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ANCHORAGE - The poorest families in rural Alaska will be paying much more for power and heat in the coming year than their urban counterparts, according to university researchers.
Those in the most remote towns and villages are expected to spend more than 40 cents out of every dollar, while Anchorage's lowest-income households will spend about 4 cents from every dollar on energy bills.
The figures come from a University of Alaska Institute of Social and Economic Research report released earlier this month.
In the village of Nunapitchuk, about 20 miles from Bethel, one family is watching less TV and rationing video game time for the kids in hopes of shaving power bills.
"Everybody's trying to, you know, go on to public assistance or trying to conserve as much as they can," said James Angaiak, who earns $10 an hour, six hours a day as a land planner for the city.
The report does not factor in gasoline prices or water and sewer bills. It also can't predict how much people are scaling back their heat and power usage in the face of rising costs.
But researchers say it shows what people must spend on household energy costs depending on where they live and how much they earn.
One reason energy is more expensive in rural Alaska is that most people use diesel fuel to heat their homes, while the majority of Anchorage families use natural gas.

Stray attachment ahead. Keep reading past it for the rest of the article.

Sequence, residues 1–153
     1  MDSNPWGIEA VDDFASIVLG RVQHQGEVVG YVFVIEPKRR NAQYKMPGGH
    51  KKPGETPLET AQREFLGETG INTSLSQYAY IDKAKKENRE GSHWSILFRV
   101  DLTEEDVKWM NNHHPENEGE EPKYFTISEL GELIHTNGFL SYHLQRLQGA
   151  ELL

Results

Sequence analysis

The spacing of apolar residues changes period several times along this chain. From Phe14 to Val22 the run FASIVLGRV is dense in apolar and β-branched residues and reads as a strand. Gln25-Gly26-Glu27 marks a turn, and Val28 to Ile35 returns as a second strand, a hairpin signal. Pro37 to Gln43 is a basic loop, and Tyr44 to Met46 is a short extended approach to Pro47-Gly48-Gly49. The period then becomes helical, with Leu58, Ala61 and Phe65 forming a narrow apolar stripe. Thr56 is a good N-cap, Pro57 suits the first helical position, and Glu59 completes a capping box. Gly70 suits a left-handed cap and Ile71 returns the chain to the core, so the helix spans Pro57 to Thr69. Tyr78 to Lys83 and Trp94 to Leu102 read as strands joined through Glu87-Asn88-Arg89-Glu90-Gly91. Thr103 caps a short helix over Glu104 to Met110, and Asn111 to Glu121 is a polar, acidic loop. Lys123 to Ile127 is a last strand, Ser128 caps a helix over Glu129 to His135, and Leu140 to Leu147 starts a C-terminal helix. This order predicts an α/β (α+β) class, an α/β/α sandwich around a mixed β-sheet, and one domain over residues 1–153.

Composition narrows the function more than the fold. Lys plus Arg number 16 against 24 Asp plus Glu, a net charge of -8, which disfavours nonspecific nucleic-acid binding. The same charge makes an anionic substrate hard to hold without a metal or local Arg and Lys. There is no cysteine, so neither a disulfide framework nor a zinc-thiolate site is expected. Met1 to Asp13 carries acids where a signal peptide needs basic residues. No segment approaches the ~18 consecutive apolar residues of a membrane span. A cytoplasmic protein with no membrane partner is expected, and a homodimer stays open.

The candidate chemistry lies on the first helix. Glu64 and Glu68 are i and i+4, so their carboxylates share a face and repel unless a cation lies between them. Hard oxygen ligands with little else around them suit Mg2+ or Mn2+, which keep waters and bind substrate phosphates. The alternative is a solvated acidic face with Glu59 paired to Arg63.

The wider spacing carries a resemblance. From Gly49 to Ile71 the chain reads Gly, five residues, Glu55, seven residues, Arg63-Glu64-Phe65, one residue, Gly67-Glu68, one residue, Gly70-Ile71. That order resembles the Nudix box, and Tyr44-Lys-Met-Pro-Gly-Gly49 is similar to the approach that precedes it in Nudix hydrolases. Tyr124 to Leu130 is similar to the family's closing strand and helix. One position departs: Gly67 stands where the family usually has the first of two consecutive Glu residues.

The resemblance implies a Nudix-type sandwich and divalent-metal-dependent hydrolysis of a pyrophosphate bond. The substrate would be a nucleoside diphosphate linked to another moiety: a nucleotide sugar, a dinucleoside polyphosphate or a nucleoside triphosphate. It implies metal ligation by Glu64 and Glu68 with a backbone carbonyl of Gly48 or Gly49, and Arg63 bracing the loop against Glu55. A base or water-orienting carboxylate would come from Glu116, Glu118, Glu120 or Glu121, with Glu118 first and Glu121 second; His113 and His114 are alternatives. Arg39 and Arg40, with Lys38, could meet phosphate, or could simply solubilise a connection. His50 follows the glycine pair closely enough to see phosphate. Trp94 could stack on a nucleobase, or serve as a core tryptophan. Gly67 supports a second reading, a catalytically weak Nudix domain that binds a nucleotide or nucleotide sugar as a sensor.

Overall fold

ISER estimates that the median annual cost of power and heating costs for an Anchorage family is about $2,400, compared to about $4,100 for midsize towns and cities and $6,600 for remote rural villages.
Gov. Sarah Palin has proposed giving $1,200 to every Alaskan to cover the costs.
Sen. Lyman Hoffman, D-Bethel, says giving more to people who are hit the hardest makes the most sense.
"We give cost of living (pay) to state employees because they live in a higher cost area. And we give differentials for schools - so I think there is an argument that if we are going to address the high energy costs, we should also take that into consideration," he said.
But Rep. Kevin Meyer, R-Anchorage, said that debate would only open old wounds by pitting urban and rural Alaskans against each other.
"I think the argument's going to come up that people live in rural Alaska by choice," he said.
The governor proposed a flat payout plan - rather than payments based on people's individual needs - because there are already other programs that benefit low-income or rural Alaskans, said Palin spokeswoman Sharon Leighow.
She said Palin is considering offering grants to power utilities to lower bills, and that the governor is willing to "consider all options" when it comes to energy assistance legislation.